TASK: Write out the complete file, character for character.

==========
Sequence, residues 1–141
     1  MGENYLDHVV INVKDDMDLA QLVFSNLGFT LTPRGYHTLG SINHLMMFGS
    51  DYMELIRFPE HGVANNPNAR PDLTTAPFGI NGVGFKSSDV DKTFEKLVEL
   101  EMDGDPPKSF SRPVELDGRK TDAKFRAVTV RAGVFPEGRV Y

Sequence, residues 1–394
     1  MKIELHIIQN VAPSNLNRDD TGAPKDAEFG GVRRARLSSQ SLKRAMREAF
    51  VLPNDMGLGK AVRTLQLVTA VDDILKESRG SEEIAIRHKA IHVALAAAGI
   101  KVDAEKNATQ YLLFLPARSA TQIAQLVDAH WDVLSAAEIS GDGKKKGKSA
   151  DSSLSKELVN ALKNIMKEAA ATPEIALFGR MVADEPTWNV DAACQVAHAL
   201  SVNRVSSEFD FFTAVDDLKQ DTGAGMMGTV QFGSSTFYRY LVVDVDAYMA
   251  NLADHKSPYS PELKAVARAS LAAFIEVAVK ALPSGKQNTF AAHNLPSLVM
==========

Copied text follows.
Sequence, residues 1–141
     1  MGENYLDHVV INVKDDMDLA QLVFSNLGFT LTPRGYHTLG SINHLMMFGS
    51  DYMELIRFPE HGVANNPNAR PDLTTAPFGI NGVGFKSSDV DKTFEKLVEL
   101  EMDGDPPKSF SRPVELDGRK TDAKFRAVTV RAGVFPEGRV Y

Sequence, residues 1–394
     1  MKIELHIIQN VAPSNLNRDD TGAPKDAEFG GVRRARLSSQ SLKRAMREAF
    51  VLPNDMGLGK AVRTLQLVTA VDDILKESRG SEEIAIRHKA IHVALAAAGI
   101  KVDAEKNATQ YLLFLPARSA TQIAQLVDAH WDVLSAAEIS GDGKKKGKSA
   151  DSSLSKELVN ALKNIMKEAA ATPEIALFGR MVADEPTWNV DAACQVAHAL
   201  SVNRVSSEFD FFTAVDDLKQ DTGAGMMGTV QFGSSTFYRY LVVDVDAYMA
   251  NLADHKSPYS PELKAVARAS LAAFIEVAVK ALPSGKQNTF AAHNLPSLVM